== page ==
“[Jimmy Hoffa’s] mention of legal problems in New Orleans translated into his insistence that Carlos Marcello arrange another meeting with Partin, despite my warning that dealing with Partin was fruitless and dangerous.”

Frank Ragano, attorney for Jimmy Hoffa, Carlos Marcello, and Carlos Traficante Junior, in “Mob Lawyer.”

My mother was born Wendy Anne Rothdram, and after she finally regained custody of me after years of custody battles with the Partins and Whites she would joke for the next forty years that marrying Ed Partin WARP’ed her. I never learned why she kept the name Wendy Partin for the rest of her life, even after finalizing her divorce almost immediately after learning about the Partin family in 1972. Nineteen years later, when I returned from the first Gulf war, I would joke with her that nothing in combat gave me PTSD, because it nothing compared to the Partin family. It was an inside joke of ours for almost thirty years, a joke only she and I shared and would sound harsh to anyone who didn’t know our Partin history, and it was on my mind when I arrived at her hospital at 8:24pm Sunday night, April 3rd, 2019, wearing Uncle Bob’s Rolex. I’m unsure why that joke was bouncing around my thoughts other than it was ours and no one else’s, and my mind was searching for something, anything, to make sense of Wendy and my dad and a lifetime of pondering how to honor my mother and father without resolution and knowing that I’d never have another chance.

I walked down the hallway slowly, mostly because my limp was more pronounced after the long flight and several sleepless nights, and partially because I had so many memories from that hospital. Wendy may have felt that marrying a Partin WARP’ed her and never changed her mind, but at age 16 I had decided I wanted to be free, neither a Partin or a Rothdram, and I had divorced my family in 1989. All of them: the Partins, Rothdrams, and Desicos; my dad and his family, Wendy and Granny, and Auntie Lo. Uncle Bob had just died after a three month battle with cancer and a few weeks in ICU and left me his Rolex and his only advice, to live a life without regrets, and if I wanted to do anything to be the best I could at it. I had listened, and the day after I gave Uncle Bob’s eulogy I petitioned Judge Robert “Bob” Downing of the East Baton Rouge Parish 19th Judicial Court System to emancipate me. He, like Judge Lottingger, had known my Partin family well and commended me on taking control of my situation and signed a court document making me a legal adult at age 16; I joined the army and signed up for the GI Bill college fund the next day, coincidentally when the army recruiting campaign was “be all you can be.” Forty years later, the VA ranked me with a 65% disability from war injuries. Several of my bones were held together with metal screws and most of my joint spaces were compressed with bone spurs and my spine was filled with osteophytes and the stenosis abraded my spinal chord and long fights and sitting and lack of sleep increased the inflammation; with increased inflammation, my asthma and sinusitis increased and that was compounded by the springtime pollen in Louisiana that caused allergies in otherwise healthy people. I wheezed slightly and limped slowly, and memories swirled and collided with every step and I tried to think of jokes or anything to calm my mind and quiet the thoughts and to control the tone of my voice. Wendy never forgave herself for my war experiences, and I didn’t want her hearing the stain in my voice when I knew she probably couldn’t understand words but would perhaps sense tones and emotions.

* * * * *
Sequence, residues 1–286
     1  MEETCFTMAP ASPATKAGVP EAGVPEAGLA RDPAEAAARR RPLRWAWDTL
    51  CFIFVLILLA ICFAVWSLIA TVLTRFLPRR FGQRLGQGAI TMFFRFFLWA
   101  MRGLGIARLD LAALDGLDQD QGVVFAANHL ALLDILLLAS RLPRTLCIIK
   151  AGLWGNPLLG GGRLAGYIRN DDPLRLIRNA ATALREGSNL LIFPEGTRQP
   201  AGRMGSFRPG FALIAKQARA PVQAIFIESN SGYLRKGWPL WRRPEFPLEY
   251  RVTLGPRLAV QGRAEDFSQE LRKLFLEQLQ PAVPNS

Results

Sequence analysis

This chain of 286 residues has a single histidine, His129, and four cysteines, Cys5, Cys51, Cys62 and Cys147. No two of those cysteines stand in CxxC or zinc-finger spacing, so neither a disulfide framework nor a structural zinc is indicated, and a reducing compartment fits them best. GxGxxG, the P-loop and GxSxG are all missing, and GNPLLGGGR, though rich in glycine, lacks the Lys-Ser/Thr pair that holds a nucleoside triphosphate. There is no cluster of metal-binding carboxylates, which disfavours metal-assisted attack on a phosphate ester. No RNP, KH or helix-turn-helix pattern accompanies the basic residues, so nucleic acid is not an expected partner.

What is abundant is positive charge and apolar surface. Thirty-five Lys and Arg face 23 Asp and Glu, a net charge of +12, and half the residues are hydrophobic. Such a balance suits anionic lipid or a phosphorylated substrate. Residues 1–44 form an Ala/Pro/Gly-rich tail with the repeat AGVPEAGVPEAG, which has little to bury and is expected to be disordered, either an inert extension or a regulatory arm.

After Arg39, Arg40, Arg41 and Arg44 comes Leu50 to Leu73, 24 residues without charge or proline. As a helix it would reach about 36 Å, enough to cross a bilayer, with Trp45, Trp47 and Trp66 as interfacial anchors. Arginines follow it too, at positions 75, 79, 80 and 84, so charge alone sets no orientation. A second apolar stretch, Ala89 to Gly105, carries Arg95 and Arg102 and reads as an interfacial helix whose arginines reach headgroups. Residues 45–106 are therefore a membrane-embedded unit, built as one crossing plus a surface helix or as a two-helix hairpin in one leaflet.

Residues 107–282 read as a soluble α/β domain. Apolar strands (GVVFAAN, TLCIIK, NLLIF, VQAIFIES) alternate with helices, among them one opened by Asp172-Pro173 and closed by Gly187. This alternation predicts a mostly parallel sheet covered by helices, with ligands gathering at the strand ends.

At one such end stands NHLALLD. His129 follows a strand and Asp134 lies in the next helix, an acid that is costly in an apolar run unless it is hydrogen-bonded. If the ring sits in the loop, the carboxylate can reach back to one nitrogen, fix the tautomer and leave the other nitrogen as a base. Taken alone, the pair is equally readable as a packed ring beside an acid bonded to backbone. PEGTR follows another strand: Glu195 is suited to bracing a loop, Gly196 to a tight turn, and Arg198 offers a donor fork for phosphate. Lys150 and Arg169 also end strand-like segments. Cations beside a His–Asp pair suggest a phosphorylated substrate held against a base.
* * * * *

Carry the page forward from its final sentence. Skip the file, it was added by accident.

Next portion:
Wendy and I became friends over the past few decades, not necessarily a traditional mother and son relationship but one born from choice. I liked her. She was funny and sarcastic and we shared a family history few people knew or could envision or understand. Her jokes about becoming WARPed were well founded: my family colorful and intense and brutal and violent. She had nothing to do with them since regaining custody of me, yet would make jokes every time they made the news because of Hoffa or when one of them went to prison for this, that, or another thing. I never learned why she didn’t change her name; I assume old habits are hard to break.

Visiting hours had ended at 8, but we shared the same last name and it was clear that we were related and an exception could be made: people in ICU often don’t have much time remaining. The night shift nurse told me the physician had gone off duty at 8, but he had heard I was flying to Baton Rouge from San Diego and the long flight and time zone change meant I’d arrive late, and he had waited to speak with me because people in ICU often don’t have much time remaining. She pointed me towards Wendy’s room and went to the physician’s office to let him know I had arrived.